There's just no time to talk about New Year's resolutions for 2018!!! We have work to do! Besides, that's just talk. What are most interested in? Action! And, that's precisely what we're doing here at the ranch. We're kicking off the year with a clinic on January 13th. Some great people already confirmed and looks like it's going to fill up. I'm not sure if I'm more excited about seeing everyone or learning from our clinician Diego Gaona. Hmmm.. We're not stopping there, though. I'm in the process of developing a system, to do virtual coaching for folks who need a little help but can't or can't find the time to haul a horse in to the ranch. Even more exciting is an announcement that we'll be hosting shows here at the ranch starting in March. So many of my friends compete in cow-horse sports (I'm talking about horse-sports that involve working a cow (notice I did not say 'roping a cow' or just reined cow horse). Anyway, super excited to get these underway. We'll have a flag class (you're judged on how you and your horse work a flag, a spin class, a sliding stop class and few others that will be equally fun! I'll keep ya posted on when these will be coming up! Hopefully you can join us!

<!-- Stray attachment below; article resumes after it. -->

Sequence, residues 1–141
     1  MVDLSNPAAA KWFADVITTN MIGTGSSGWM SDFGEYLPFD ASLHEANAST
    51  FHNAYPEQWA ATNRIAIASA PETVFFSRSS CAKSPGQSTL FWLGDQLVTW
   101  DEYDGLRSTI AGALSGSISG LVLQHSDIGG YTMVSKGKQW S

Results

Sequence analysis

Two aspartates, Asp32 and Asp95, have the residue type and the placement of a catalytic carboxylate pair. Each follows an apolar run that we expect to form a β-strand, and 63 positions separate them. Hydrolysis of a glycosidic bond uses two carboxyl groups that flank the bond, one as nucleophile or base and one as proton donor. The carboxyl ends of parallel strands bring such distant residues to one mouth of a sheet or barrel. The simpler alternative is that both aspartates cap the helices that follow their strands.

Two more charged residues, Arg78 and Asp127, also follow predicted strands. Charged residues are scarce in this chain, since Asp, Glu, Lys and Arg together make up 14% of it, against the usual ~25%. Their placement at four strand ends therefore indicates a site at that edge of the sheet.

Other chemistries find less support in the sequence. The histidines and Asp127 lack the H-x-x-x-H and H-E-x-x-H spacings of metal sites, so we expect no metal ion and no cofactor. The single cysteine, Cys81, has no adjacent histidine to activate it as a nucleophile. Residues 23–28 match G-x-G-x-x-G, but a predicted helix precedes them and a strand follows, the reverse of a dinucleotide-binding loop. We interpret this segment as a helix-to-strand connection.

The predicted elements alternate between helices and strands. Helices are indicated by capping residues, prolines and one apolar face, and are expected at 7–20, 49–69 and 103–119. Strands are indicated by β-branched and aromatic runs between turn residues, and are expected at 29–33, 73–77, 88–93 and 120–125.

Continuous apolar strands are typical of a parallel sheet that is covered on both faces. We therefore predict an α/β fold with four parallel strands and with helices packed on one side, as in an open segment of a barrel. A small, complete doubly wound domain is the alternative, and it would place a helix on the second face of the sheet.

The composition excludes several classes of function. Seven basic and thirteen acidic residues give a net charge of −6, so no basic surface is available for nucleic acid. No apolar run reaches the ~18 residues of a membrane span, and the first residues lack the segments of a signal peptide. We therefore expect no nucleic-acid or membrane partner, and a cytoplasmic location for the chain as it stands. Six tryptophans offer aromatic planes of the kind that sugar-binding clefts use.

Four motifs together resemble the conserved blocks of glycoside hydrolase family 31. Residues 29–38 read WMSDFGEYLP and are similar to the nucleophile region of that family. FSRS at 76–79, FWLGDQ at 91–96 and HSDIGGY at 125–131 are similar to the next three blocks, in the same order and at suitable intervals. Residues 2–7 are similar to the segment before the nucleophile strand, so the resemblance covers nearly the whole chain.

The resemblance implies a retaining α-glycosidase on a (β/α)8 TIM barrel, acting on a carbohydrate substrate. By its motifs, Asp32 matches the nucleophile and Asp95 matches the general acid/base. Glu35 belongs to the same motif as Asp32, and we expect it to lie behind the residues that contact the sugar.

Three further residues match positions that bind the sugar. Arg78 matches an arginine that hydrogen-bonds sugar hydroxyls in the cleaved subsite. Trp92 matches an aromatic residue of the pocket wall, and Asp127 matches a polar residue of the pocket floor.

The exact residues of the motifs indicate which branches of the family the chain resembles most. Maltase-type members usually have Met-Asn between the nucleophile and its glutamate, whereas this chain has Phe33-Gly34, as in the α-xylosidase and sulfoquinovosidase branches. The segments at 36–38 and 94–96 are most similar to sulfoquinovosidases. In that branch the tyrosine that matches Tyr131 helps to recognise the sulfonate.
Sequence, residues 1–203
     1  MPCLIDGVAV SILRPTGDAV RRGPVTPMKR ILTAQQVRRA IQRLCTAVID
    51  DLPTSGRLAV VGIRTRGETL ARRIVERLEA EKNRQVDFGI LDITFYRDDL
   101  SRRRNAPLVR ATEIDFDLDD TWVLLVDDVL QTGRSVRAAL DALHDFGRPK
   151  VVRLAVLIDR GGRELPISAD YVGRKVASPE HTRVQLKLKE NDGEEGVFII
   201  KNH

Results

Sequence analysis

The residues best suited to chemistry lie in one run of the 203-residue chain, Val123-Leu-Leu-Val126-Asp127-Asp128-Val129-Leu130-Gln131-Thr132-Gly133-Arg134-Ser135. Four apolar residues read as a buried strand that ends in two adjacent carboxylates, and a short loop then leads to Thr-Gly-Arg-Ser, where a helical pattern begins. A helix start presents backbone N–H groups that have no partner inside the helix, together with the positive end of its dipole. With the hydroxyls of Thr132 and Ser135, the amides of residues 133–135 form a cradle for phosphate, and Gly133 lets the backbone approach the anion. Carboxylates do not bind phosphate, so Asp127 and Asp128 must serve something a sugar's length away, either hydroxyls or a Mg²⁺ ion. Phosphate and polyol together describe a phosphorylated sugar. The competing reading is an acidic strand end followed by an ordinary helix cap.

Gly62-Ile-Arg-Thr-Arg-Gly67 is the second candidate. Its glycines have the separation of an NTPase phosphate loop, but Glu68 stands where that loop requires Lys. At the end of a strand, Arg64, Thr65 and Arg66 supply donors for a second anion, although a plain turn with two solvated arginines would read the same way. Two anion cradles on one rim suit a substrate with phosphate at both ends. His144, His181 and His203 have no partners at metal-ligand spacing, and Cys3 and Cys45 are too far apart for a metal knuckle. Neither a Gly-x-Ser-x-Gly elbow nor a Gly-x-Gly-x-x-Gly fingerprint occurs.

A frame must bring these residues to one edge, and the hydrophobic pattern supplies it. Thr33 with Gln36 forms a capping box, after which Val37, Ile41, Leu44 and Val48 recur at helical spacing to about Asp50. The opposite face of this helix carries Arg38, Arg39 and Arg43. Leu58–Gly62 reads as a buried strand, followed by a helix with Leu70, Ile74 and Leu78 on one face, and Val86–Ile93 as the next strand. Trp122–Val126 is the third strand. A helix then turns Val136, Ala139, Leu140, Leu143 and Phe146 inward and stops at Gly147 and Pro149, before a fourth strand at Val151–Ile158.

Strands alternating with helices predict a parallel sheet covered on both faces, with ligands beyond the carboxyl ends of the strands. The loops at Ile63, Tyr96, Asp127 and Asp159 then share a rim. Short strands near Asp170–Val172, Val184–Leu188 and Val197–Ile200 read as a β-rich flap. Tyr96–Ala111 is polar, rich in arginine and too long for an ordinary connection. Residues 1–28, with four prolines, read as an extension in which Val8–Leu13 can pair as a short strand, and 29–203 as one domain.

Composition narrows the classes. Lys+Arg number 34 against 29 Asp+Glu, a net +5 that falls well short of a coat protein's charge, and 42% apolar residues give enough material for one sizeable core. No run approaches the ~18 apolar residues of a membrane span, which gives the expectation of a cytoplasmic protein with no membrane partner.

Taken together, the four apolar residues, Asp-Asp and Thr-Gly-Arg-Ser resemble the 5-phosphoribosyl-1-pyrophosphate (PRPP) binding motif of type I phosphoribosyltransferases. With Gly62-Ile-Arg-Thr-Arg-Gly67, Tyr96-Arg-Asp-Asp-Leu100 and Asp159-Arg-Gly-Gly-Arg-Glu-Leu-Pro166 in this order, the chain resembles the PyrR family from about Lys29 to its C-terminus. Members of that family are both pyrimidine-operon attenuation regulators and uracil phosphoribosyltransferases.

In the fall of 2015, I made a trip to the Downunder Horsemanship Ranch to meet with Clinton about two performance prospects. One in particular, Lil Chicken Fry, who was showcased during The 2015 Ranch Rally as a weanling demo horse. From the moment I saw her, I had a little twinkle in my eye. I envisioned then how she would move and what she would end up looking like. A real hottie, I thought. Boy, did that turn out to be true. Now she's pretty well grown up and is for sale. She was started March 7th, has roughly a year of training and is doing exceptional. If you are interested in a Method trained horse with bonus training, check this girl out! She's ready to pleasure ride, but if you want to show, you'll want to keep her with a trainer. She is eligible to show NRHA Futurity and on track for a great performance. Isn't she a beauty! Check out this link for more information.